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Two Canadians make Man Booker Prize shortlist

Canadian author Esi Edugyan is shown in this photo released on Saturday Sept. 3, 2011. Her second novel, "Half-Blood Blues," is a finalist for the Man Booker Prize.

Steven Price/THE CANADIAN PRESS/HO, Steven Price

Two novels written by Canadians – one set in goldrush California, the other in Second World War Europe – join four British titles on the shortlist for this year's Man Booker Prize.

Patrick deWitt's The Sisters Brothers, about a pair of squabbling, conflicted and murderous siblings on the 19th-century Western frontier, is published by Toronto's House of Anansi. DeWitt, who's also a screenwriter and currently lives in Portland, Ore., was born on Vancouver Island.

The island has produced the other shortlisted Canadian, Esi Edugyan, who lives in Victoria. Her novel Half Blood Blues, released in Canada this weekend, tells the story of a black German trumpeter who goes missing after being arrested by Nazis at the start of the Second World War, and the mystery of his disappearance that stretches on for decades and embroils his former bandmates. The novel was supposed to be published by Key Porter Books, but when that firm collapsed earlier this year, it was snapped up by Toronto's Thomas Allen Publishers.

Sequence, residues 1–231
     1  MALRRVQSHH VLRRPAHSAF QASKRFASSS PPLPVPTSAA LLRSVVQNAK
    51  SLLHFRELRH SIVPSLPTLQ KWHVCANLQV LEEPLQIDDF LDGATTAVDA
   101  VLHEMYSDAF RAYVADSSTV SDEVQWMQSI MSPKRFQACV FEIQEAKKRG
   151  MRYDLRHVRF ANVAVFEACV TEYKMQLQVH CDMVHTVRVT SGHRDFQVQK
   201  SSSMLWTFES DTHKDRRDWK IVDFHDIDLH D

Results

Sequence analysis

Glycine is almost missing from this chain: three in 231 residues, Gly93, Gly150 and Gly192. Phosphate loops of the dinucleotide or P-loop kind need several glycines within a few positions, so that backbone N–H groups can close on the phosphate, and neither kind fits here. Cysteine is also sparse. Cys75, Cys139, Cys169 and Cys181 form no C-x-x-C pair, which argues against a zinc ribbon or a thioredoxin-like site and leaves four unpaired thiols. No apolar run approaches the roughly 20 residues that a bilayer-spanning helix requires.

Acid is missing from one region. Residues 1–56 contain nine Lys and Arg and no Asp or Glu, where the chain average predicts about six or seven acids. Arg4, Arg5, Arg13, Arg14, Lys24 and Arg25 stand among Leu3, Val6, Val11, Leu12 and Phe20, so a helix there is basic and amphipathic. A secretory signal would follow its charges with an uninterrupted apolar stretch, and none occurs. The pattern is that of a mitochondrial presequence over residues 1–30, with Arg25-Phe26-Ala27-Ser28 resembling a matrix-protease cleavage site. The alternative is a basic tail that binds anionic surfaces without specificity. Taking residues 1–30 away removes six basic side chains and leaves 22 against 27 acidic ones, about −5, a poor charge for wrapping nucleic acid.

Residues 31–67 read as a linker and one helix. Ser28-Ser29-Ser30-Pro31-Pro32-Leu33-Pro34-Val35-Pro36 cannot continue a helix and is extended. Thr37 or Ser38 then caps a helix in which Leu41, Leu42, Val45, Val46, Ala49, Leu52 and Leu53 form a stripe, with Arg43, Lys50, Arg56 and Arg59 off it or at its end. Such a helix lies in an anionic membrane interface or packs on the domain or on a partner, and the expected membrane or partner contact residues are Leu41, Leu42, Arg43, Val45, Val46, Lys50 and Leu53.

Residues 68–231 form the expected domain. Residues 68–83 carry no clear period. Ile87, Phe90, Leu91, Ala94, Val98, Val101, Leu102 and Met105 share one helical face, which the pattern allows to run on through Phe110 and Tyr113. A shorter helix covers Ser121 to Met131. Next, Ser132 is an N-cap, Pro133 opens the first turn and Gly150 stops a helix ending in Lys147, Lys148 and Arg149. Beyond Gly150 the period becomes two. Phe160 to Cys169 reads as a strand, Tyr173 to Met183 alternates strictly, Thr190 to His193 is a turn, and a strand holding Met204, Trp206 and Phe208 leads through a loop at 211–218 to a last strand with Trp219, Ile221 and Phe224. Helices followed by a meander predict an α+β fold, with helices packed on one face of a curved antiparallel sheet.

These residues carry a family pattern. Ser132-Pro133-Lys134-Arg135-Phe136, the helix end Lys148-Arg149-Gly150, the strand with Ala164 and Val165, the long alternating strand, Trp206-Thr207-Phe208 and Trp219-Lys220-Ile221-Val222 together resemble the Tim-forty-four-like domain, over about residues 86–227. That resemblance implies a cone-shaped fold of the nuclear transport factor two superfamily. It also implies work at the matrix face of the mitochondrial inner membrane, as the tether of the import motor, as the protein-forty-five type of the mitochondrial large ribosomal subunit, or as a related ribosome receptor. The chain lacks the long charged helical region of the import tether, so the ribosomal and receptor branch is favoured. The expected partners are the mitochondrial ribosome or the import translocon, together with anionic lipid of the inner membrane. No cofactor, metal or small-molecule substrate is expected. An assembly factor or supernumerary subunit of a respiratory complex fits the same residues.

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Also on the shortlist are Julian Barnes, hoping to be a bride after three turns as a bridesmaid on the Booker shortlist, with his novel The Sense of an Ending; Jamrach's Menagerie, by Carol Birch; Pigeon English, by first-time novelist Stephen Kelman; and Snowdrops, by another first-time novelist, A.D. Miller. In a surprise move, one of the favoured novels on the 13-title longlist – Alan Hollinghurst's bestseller The Stranger's Child – did not make the final cut.

The announcement was made in London today by the chair of the jury, former M15 chief and current author of spy novels, Stella Rimington. "Inevitably it was hard to whittle down the longlist to six titles," Rimington said in a statement. "We were sorry to lose some great books. But, when push came to shove, we quickly agreed that these six very different titles were the best."

The winner will be announced at a gala event in London on Oct. 18, and will receive both £50,000 ($80,000 Cdn) and a very nice dinner.

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About the Author
Columnist and Feature Writer

Elizabeth Renzetti has worked at The Globe and Mail as a columnist, reporter, and editor of the Books and Review sections. From 2003 to 2012, she was a member of the Globe's London-based European bureau. Her Saturday column is published on page A2 of the news section, and her features appear regularly in Focus. More

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